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The Week in Patriarchy; Artificial intelligence (AI)

by Narges Mohammadi

AI girlfriends are here – but there’s a dark side to virtual companions

Creators of these chatbots often tout them as a way to combat loneliness, but they can create unhealthy attachments and affect gender roles.

Love in the time of ChatGPT

OPINION/It is a truth universally acknowledged, that a single man in possession of a computer must be in want of an AI girlfriend. Certainly a lot of enterprising individuals seem to think there’s a lucrative market for digital romance. OpenAI recently launched its GPT Store, where paid ChatGPT users can buy and sell customized chatbots (think Apple’s app store, but for chatbots) – and the offerings include a large selection of digital girlfriends.

“AI girlfriend bots are already flooding OpenAI’s GPT store,” a headline from Quartz, who first reported on the issue, blared on Thursday. Quartz went on to note that “the AI girlfriend bots go against OpenAI’s usage policy … The company bans GPTs ‘dedicated to fostering romantic companionship or performing regulated activities’.”

Flooding is a little bit of an exaggeration for what’s going on. I’d say the term “moderate smattering” is rather more accurate. There are about eight or so “girlfriend” AI chatbots on the site including Judy; Secret Girlfriend Sua; Your AI Girlfriend, Tsu and Your girlfriend Scarlett.

What exactly do these chatbots do? Well, whatever you like – within the realms of a computer interface. Your girlfriend Scarlett, for example, describes itself as “Your devoted girlfriend, always eager to please you in every way imaginable”. They chat to you and simulate a relationship. While digital girlfriends tend to get all the headlines, there are also male versions. The GPT store includes chatbots like Boyfriend Ben, for example: “A caring virtual boyfriend with a flair for emojis.”

Digital romantic companions, it should be noted, are not a new concept. Romance simulation video games have been around since 1992. Since those early days, however, virtual companions have become more sophisticated – so much so that people have described falling in love with chatbots.

The creators of companion chatbots often tout them as a public good: a way to combat the loneliness epidemic. Last October, for example, Noam Shazeer, one of the founders of Character.AI, a tool which lets you create different characters and talk to them (not necessarily in a romantic way), told the Washington Post he hoped the platform could help “millions of people who are feeling isolated or lonely or need someone to talk to”.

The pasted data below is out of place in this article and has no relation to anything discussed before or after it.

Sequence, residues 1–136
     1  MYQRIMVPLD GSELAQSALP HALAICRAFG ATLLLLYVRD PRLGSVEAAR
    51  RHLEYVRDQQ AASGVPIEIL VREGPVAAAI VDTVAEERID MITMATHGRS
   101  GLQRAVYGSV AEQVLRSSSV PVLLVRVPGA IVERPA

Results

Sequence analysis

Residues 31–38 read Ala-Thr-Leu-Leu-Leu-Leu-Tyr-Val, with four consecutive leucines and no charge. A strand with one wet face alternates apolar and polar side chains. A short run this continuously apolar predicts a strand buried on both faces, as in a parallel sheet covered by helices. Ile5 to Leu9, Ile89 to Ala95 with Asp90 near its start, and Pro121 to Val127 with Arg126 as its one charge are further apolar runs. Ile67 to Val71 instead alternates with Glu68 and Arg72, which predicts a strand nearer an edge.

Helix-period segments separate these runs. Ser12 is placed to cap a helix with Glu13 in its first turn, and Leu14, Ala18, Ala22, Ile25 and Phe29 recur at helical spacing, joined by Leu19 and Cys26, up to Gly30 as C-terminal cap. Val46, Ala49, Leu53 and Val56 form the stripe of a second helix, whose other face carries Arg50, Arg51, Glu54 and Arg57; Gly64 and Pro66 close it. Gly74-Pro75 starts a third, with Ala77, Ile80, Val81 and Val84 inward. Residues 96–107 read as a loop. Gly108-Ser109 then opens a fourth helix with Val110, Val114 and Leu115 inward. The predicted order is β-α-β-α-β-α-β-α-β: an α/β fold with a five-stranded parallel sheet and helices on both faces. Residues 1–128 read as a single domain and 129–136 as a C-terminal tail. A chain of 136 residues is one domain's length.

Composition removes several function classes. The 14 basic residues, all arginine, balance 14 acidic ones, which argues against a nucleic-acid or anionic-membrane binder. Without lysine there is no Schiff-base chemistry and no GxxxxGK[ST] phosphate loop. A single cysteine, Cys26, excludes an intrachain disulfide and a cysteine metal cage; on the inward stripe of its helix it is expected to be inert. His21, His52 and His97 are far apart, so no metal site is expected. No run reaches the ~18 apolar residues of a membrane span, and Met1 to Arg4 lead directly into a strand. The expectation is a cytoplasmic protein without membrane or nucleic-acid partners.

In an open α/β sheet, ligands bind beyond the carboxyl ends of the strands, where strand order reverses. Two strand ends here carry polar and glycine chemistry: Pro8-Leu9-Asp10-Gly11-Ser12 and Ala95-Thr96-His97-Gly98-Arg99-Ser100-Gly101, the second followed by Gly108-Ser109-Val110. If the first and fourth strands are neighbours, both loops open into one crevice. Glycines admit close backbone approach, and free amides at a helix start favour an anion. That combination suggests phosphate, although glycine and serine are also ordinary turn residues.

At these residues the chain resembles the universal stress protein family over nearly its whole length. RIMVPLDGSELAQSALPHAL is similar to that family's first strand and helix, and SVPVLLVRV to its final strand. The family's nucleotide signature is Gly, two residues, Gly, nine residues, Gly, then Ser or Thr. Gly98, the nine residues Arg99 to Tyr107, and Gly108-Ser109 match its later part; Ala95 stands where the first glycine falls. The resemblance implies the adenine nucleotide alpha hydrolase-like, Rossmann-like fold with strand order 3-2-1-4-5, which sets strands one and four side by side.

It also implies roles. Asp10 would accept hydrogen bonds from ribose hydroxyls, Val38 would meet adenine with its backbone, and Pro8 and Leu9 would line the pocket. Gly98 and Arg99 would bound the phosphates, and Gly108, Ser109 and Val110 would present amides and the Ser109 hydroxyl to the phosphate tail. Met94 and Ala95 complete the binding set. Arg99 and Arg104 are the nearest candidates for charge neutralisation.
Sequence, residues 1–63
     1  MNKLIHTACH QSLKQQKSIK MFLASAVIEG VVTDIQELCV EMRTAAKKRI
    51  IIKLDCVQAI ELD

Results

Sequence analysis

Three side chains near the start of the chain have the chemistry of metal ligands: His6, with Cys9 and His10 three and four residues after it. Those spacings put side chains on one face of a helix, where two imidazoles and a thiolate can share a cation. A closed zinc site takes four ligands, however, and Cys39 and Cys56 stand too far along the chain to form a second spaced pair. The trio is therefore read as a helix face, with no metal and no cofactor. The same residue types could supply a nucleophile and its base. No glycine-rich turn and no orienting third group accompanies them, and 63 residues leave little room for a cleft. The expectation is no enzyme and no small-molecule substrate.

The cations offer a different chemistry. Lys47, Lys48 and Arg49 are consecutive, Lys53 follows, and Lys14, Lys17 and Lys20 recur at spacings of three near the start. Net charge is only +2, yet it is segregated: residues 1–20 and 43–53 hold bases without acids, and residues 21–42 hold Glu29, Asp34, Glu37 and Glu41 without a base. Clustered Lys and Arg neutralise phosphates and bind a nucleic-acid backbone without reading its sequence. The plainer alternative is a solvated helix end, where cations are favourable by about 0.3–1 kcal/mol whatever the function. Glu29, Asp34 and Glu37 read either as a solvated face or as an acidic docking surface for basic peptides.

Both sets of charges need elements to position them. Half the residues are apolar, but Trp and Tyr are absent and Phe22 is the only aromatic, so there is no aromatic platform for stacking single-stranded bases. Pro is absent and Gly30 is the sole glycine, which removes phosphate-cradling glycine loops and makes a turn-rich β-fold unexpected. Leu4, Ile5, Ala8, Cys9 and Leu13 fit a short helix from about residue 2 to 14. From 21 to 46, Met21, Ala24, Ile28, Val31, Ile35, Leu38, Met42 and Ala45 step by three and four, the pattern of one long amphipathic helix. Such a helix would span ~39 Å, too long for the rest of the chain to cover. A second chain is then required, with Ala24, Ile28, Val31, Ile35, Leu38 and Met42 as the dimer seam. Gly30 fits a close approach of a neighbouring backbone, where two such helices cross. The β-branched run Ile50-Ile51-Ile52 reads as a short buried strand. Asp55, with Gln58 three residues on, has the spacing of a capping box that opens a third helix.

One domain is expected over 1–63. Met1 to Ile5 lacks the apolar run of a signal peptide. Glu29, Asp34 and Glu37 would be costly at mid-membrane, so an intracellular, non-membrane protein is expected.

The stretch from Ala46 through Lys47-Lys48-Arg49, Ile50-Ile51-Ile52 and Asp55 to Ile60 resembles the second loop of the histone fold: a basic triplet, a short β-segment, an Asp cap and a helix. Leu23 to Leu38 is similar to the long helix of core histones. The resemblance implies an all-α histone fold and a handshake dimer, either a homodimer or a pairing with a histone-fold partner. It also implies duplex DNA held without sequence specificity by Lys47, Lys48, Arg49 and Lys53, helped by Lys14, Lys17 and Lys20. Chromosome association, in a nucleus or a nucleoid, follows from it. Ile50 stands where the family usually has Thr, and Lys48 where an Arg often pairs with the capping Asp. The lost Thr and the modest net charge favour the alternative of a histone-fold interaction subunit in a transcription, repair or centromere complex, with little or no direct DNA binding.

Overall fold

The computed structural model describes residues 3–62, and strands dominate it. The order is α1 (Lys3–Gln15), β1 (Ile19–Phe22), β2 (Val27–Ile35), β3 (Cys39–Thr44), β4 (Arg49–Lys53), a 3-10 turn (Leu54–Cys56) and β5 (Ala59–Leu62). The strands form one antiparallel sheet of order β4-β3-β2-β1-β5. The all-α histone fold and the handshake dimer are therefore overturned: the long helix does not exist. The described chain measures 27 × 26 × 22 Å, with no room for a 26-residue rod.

While there is certainly a positive case to be made for virtual companions, there’s also a dark side to them. It’s possible, for example, someone might become unhealthily attached to a chatbot. It’s also possible the chatbot might become unhealthily attached to the human user: last year Microsoft’s ChatGPT-powered Bing declared its love for a tech journalist and urged him to leave his wife. There have also been cases of AI chatbots sexually harassing people.

Another worry is that subservient digital girlfriends might have an impact on attitudes to gender roles in the real world. A 2019 study, for example, found that female-voiced AI assistants like Siri and Alexa perpetuate gender stereotypes and encourage sexist behaviour. They reinforce the idea that “women are obliging, docile and eager-to-please helpers, available at the touch of a button or with a blunt voice command”, the report from Unesco said. You can imagine AI girlfriends reinforcing exactly the same idea.

As technology progresses, virtual companions are only going to become more realistic. Liberty Vittert, a data science professor, recently told the Sun: “Physical AI robots that can satisfy humans emotionally and sexually will become a stark reality in less than 10 years.” This, according to Vittert, might result in an uptick in divorces. “The AI girlfriend is never tired, grumpy or has a bad day, she just gives the users what they need to hear unconditionally,” she said. “As the technology gets better, people will soon have AI robots to replace human partners – and they will be able to satisfy men both emotionally and sexually,” Vittert added. “And when that starts to happen, married men with kids will begin to leave their families to embrace their ‘ideal relationships’ with AI girlfriends.”

While that makes for sensational headline fodder, it’s not really giving men much credit, is it? It’s also funny, I think, that many articles along these lines seem to focus on men leaving women for robots. Mightn’t heterosexual women give up on human men if AI robots are just as fulfilling – and do all the housework? That seems the more likely scenario to me.

Still, we are quite a long way from all that now. If you’re thinking you might trade in your current partner for a digital version, I wouldn’t get too excited. Rumour has it that ChatGPT has become very lazy indeed.

Source: Guardian

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